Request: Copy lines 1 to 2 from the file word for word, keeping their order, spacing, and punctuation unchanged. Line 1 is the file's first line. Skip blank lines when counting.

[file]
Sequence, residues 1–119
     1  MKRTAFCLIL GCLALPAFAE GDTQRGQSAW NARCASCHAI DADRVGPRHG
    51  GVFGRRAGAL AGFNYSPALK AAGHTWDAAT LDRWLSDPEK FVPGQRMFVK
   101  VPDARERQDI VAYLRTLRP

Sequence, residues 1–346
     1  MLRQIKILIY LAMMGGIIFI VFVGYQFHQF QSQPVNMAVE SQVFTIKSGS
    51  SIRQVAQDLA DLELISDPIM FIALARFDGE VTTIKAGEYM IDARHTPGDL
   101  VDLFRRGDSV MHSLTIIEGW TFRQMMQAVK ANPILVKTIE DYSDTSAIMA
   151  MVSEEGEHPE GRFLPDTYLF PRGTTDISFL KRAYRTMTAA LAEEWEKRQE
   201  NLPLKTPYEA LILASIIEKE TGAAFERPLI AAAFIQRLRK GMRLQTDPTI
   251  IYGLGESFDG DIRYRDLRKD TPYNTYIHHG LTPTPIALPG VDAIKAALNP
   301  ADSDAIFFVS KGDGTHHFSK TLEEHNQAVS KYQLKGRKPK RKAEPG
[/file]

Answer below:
Sequence, residues 1–119
     1  MKRTAFCLIL GCLALPAFAE GDTQRGQSAW NARCASCHAI DADRVGPRHG